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May I ask my hon. Friend what work is being done to ensure that the Government give value for money for the taxpayer when it comes to the Government estate?

Alex Burghart Portrait Alex Burghart
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I am pleased to say that one of our major Government functions, the Government Property Agency, is constantly looking at how we can refresh the Government estate to make sure not just that our offices are fit for purpose and are wonderful working spaces for our excellent civil servants, but that we are not hanging on to outdated buildings that are expensive to run. We are very mindful of achieving value for money in this area.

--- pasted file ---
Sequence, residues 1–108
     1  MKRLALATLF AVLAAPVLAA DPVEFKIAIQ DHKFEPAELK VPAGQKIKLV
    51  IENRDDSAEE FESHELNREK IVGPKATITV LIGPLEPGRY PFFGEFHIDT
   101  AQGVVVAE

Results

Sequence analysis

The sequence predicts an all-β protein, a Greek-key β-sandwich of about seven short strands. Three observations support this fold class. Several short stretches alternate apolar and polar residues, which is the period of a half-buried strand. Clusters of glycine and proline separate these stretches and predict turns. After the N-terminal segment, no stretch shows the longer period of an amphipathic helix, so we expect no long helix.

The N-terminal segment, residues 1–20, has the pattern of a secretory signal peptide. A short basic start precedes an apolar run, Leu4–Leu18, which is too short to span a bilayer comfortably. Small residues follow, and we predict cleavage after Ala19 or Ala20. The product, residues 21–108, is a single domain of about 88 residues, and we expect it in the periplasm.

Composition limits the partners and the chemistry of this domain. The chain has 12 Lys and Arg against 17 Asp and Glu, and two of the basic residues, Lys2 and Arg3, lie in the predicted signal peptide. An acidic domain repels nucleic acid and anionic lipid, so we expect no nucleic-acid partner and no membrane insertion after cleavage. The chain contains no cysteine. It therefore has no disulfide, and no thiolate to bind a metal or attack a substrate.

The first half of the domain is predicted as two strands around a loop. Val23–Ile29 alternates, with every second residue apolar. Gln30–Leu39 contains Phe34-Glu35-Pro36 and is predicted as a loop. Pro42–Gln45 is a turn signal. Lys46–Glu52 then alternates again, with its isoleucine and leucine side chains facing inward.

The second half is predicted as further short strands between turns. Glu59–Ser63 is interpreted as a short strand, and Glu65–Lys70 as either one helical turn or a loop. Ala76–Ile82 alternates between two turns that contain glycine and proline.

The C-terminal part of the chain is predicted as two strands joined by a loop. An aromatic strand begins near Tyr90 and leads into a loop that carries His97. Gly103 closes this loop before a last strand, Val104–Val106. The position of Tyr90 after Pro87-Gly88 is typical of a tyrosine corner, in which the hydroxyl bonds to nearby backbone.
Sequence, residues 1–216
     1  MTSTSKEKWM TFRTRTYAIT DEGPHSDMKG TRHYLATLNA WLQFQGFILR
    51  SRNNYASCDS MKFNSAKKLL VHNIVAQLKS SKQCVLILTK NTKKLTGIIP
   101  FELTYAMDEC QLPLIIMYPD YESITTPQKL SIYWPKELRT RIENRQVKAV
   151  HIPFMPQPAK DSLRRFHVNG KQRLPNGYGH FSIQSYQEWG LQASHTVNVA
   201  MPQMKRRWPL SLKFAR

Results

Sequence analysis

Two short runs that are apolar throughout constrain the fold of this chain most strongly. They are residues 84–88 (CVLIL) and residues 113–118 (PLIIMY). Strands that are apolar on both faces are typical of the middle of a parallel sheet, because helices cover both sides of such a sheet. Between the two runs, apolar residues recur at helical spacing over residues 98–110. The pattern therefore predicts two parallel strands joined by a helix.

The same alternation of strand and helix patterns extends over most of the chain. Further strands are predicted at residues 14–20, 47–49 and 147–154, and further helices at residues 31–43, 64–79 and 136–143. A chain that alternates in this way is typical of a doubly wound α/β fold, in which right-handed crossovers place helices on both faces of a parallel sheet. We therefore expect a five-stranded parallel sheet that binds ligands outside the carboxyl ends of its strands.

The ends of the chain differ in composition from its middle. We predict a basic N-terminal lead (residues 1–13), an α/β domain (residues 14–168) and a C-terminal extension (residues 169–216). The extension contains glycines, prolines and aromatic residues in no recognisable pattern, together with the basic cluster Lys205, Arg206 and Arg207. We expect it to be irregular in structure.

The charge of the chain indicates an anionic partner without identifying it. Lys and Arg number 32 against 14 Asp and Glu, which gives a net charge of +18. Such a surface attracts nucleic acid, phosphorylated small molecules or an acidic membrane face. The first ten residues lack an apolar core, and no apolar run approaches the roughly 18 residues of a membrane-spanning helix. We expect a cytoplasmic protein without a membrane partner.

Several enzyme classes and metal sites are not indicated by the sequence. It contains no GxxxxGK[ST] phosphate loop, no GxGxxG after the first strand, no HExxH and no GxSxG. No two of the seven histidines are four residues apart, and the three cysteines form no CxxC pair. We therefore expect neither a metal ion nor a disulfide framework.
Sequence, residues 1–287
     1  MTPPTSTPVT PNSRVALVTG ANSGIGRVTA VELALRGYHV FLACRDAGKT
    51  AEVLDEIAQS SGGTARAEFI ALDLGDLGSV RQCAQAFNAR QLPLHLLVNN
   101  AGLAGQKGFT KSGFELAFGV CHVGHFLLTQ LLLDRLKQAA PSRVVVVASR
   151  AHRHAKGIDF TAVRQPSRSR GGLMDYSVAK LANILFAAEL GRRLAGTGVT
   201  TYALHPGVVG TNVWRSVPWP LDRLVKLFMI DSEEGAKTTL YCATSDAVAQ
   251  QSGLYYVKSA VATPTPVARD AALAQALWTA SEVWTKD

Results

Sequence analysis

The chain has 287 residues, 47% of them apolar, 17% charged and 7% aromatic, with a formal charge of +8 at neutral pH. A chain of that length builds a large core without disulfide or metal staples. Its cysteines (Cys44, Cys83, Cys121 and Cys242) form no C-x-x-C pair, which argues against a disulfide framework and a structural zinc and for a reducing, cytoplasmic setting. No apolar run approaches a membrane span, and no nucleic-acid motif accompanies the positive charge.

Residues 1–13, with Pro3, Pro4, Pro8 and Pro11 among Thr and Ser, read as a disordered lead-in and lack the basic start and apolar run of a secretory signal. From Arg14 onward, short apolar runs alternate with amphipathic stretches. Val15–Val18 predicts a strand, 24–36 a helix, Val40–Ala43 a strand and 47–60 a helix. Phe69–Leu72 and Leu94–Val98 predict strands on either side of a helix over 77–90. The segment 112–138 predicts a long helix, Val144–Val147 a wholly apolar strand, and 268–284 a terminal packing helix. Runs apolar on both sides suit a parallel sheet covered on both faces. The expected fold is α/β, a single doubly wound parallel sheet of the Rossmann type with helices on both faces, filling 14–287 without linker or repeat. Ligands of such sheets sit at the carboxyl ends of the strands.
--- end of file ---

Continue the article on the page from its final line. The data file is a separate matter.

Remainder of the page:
Diana Johnson Portrait Dame Diana Johnson (Kingston upon Hull North) (Lab)
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Interim payments are, by their very nature, interim; they are paid before final payments. Perhaps the Minister might be able to help me to understand. He just said that works are going on at pace, so when will the interim payments, recommended by Sir Brian Langstaff in April 2023, to parents who lost children and children who lost parents be paid before the final payments are made?

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Alan Brown Portrait Alan Brown (Kilmarnock and Loudoun) (SNP)
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Why do this Government think it is right that Church of England bishops in the House of Lords can have greater say on legislation affecting Scotland than the Scottish Parliament, and when will there ever be meaningful reform to the bloated House of Lords?

Alex Burghart Portrait Alex Burghart